What has the Senate actually done so far, with respect to the filibuster? Some of the reports of what happened today say that the Senate has adopted “new rules” eliminating the filibuster for some purposes. I’m not sure that’s true, in a formal sense. As I understand what happened, the Senate voted to ignore the current filibuster rule (on constitutional grounds). It did not vote to change it.
Indeed, a vote to actually change the rule would also have been in contradiction to Senate Rule V, which requires “one day’s notice in writing, specifying precisely the rule or part proposed to be suspended, modified, or amended, and the purpose thereof.” Presumably the same anti-entrenchment arguments marshaled against the supermajority requirement could be modified against the notice and specification requirements, although I am not sure they would have the same force.
Now this may be pure semantics. Whatever you call it, the Senate has voted to disregard the filibuster, and that decision may well have precedential effect in the future. But it seems to me that it may be relevant to the constitutionality of what the majority did today. For example, some of the most prominent arguments that the filibuster are unconstitutional focus on the majority’s constitutional power to amend the rules, not to ignore them. Here is Josh Chafetz, The Unconstitutionality of the Filibuster:
I would think it permissible to maintain the sixty-vote requirement for cloture, so long as it was clearly the case that the cloture rule could be changed by majority vote at any time. In other words, a determined majority could go through a three-step process—first voting to lower the cloture threshold, then voting for cloture on the matter at issue under the new threshold, then voting on the underlying matter. True, the three-step process would involve delay and would alter the shape of the deliberations. It would focus Senators’ minds on whether they thought that the underlying issue was important enough to justify changing the rules of the game.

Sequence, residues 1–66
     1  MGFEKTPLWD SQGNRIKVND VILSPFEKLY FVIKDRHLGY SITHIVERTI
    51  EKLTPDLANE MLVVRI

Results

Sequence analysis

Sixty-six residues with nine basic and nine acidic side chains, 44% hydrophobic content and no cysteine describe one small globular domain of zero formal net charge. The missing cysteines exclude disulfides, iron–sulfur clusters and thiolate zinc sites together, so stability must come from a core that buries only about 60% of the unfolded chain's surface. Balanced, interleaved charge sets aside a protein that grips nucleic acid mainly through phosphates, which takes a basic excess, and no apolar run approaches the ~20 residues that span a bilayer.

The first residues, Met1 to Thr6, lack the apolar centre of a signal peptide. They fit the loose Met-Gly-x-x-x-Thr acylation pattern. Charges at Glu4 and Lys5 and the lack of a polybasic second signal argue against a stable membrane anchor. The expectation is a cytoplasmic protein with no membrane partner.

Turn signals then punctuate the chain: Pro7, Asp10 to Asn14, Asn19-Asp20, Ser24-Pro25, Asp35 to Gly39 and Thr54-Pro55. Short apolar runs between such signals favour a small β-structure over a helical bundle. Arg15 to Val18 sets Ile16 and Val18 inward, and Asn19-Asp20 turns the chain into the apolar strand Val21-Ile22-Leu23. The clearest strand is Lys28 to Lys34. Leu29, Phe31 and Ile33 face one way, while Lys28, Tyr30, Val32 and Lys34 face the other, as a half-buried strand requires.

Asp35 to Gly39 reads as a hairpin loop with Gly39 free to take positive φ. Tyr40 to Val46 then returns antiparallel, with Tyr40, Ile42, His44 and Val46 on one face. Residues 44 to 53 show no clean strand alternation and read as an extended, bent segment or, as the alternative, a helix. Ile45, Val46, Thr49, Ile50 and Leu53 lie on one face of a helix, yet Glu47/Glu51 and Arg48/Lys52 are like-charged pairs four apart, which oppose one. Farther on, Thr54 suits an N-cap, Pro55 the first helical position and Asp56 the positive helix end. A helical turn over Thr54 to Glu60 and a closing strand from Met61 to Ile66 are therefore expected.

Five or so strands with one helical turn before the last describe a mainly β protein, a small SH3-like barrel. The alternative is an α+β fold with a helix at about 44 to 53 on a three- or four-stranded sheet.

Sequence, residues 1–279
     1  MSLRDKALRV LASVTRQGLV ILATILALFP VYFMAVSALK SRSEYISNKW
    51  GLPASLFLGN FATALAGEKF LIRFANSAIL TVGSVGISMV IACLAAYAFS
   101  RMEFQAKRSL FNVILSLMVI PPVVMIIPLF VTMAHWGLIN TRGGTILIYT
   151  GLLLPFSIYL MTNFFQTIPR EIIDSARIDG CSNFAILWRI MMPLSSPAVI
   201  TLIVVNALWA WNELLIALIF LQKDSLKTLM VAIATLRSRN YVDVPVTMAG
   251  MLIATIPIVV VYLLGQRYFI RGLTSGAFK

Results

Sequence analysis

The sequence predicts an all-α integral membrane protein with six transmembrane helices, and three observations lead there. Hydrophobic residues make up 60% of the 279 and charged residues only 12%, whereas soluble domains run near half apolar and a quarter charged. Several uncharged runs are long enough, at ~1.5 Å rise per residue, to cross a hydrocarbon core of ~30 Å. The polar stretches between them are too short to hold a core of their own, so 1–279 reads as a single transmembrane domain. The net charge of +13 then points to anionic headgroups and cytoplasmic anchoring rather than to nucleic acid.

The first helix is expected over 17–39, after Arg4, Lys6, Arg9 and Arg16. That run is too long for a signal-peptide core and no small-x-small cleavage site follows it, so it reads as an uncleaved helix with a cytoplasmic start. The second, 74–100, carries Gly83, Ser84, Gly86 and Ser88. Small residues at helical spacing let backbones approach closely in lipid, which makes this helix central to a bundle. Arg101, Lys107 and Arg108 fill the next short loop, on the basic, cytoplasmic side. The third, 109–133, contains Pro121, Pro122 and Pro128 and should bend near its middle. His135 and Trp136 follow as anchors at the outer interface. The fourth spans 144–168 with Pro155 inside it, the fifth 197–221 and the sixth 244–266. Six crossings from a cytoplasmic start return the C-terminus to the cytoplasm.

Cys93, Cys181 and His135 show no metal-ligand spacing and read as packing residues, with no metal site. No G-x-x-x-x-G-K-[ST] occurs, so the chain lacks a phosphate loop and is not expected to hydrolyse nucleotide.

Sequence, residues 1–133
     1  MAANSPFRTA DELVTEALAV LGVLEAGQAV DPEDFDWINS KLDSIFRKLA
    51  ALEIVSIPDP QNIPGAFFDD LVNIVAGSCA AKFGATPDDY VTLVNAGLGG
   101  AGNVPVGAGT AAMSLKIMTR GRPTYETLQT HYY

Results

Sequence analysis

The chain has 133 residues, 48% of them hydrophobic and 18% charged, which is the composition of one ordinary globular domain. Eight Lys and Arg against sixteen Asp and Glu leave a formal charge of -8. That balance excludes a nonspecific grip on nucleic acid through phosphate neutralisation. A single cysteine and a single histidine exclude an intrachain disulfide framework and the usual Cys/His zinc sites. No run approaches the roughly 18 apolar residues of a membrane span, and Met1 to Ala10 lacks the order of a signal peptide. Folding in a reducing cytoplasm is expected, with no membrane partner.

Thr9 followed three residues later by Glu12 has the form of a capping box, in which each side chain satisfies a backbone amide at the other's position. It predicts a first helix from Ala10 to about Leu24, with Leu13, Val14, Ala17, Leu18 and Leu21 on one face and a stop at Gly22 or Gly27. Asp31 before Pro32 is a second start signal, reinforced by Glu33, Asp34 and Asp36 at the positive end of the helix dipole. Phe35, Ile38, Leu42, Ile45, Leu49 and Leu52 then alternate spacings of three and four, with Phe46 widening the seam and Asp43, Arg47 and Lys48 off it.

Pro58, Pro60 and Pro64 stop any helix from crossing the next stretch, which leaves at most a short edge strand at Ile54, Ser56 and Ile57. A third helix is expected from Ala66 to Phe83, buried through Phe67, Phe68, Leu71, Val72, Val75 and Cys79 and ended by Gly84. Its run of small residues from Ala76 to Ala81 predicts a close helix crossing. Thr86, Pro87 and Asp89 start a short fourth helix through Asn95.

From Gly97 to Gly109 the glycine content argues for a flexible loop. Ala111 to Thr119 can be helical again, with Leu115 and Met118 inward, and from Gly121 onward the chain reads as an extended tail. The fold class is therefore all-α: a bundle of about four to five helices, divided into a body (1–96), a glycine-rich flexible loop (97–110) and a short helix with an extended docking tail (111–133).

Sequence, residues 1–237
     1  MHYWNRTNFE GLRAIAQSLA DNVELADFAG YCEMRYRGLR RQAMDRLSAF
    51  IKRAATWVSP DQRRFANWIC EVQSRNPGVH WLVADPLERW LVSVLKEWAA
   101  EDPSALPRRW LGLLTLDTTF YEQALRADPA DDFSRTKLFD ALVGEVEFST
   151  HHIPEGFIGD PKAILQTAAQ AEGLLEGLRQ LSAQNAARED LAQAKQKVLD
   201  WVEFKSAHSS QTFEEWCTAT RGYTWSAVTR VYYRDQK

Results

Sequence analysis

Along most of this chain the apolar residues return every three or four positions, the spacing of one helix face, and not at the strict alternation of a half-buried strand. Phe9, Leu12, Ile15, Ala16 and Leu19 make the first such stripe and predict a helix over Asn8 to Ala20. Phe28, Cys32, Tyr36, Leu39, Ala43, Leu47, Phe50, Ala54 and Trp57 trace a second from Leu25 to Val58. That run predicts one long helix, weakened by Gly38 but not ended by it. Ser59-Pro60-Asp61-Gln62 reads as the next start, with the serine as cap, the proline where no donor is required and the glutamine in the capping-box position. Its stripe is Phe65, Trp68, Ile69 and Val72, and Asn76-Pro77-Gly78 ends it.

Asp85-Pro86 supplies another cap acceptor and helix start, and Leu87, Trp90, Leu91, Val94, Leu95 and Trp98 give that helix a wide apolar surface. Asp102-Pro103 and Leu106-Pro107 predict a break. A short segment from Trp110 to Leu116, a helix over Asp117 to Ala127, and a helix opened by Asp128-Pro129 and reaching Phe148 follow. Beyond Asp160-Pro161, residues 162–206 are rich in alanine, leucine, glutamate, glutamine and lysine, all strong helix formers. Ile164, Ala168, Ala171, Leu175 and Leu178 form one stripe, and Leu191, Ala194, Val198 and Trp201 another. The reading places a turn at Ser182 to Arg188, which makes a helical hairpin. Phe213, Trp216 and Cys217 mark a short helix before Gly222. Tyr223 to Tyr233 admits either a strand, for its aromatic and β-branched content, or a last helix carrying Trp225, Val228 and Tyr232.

Similarly, Mike Rappaport and John McGinnis defended “the Senate’s long practice of requiring a supermajority to end debate on legislation,” on the grounds that:
If the Senate voted on whether to change the cloture rule, only a simple majority would be needed to change it. … The historical and structural argument presented above does not demonstrate that a majority must at all times be able to obtain a vote on all measures that it desires. Indeed, as discussed above, several longstanding legislative rules, including the rules governing the filibuster and the committee system, sometimes burden the ability of a majority to vote on bills and rules. Here we can state with some confidence only that when a house votes, the Constitution requires that a majority be able to repeal an existing rule.
The constitutional problem is that the current Senate rules purport to stop a majority from changing the rules, by requiring a 2/3 majority to get cloture on a proposal to change the rules. It is the combination of that 2/3 requirement and the 60-vote cloture requirement that is unconstitutional. And it is not clear to me, in the case of such an unconstitutional combination, which rule is supposed to give way. One possibility is that the constitutional remedy is to jettison the 2/3 rule-amending requirement, and then use that power to formally amend the filibuster (if desired), not just to ignore the filibuster rule.
I should say that I am not at all sure that I correctly understand what happened today, and there is a lot about Senate procedure I don’t understand too, so I may be wrong about all of this. If you want to hear Senator Reid’s point of order (“that the vote on cloture under Rule 22 for all nominations other than that for Supreme Court of the United States is by majority vote”) it is at around 1:37:00 in this video.
[Finally, for what it is worth, my personal view is that the current (or should I say former?) filibuster is a desirable thing, but also unconstitutional.]